And you can change your mind.
    And you can choose yourself.
    And you don't have to choose one.
    You can choose your spouse too.

    Faith can also be transcendent and ineffable.
    And it can also absolve the need for further choices.

    Whereas faith leads to hope; doubt leads to despair.
    Thus, even a fool can be wise and even the wise can be foolish.
     
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  9. TransmutingSoul

    TransmutingSoul Veteran Member
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    Yes agreed, but I must add I am of that faith also.

    I can not see how life is no a choice of actions, it may be my black and white look at life.

    For instance if someone asked me out for a chat, then they had to make a choice to do that, if I accepted that was a choice, etc.

    Regards Tony
     
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  10. ADigitalArtist

    ADigitalArtist Well-Known Member
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    I don't think you choose what convinces you, or choose to be convinced by something. But you do have choices in how you express your belief, and what kind of due diligence you do when looking for answers.
     
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  11. TransmutingSoul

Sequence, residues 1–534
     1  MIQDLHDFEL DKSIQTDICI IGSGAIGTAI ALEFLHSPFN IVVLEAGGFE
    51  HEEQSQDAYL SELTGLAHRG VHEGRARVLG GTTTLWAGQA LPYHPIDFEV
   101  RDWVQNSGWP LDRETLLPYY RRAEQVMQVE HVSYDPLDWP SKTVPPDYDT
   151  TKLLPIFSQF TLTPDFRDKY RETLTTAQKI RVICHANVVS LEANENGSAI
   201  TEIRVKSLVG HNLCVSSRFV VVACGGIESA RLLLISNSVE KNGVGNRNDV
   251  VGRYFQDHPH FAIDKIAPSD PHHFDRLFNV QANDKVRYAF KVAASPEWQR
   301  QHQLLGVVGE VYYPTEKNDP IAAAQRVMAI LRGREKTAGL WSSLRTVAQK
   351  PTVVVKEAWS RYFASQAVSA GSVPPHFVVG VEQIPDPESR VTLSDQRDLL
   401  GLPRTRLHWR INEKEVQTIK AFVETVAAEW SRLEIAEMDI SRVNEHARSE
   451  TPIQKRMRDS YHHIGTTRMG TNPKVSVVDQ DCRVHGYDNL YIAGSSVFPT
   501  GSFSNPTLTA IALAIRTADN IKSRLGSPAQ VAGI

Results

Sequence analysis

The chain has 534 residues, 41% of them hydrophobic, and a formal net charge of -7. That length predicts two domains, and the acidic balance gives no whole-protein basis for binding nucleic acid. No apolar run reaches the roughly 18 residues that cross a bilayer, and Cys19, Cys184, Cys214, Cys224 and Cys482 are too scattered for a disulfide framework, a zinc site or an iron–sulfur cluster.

TransmutingSoul Veteran Member
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    That is not what this OP is about, I would appreciate that you do not choose to reply to this OP if that is all you can offer.

    Your choice is not to have a faith, that is a choice.

    It is also a choice to use faith for good, or for your own agenda, as it is with all our choices, based in faith or no faith.

    Regards Tony
     
  12. Nakosis

    Nakosis Time Efficient Lollygagger
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    Faith, IMO, religious or otherwise is a state of ignorance. It is a condition of not knowing.
    I don't mean this derogatorily. Just when we lack knowledge we have to put our trust into someone or something else.

    I don't see ignorance as a choice, just a lack of knowing.

    There exists a lot of things to put your faith into. And, you being the ignorant, uh.. person that you are, have no way of knowing whether what you place your faith into will actually lead you to knowledge or further ignorance. The problem with most religions I've been involved in is that they promise knowledge but ultimately only offer more faith.

    From religion, I've come to expect only faith, a continued state of ignorance. When we, we're lacking knowledge, we don't really have a choice to make. We just kind of stumble into whatever we find before us and hope for the best.
     
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  13. Sheldon

    Sheldon Well-Known Member

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    I'm sorry but that is errant nonsense, you can speak for yourself, but you don't get to tell others who see through the vapid nature of faith, that it leads to despair?

    That last platitude is an utterly meaningless deepity.

    There is literally nothing one cannot believe using the vapid bias of faith, it is therefore objectively useless in determining the validity of a belief.
     
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  14. TransmutingSoul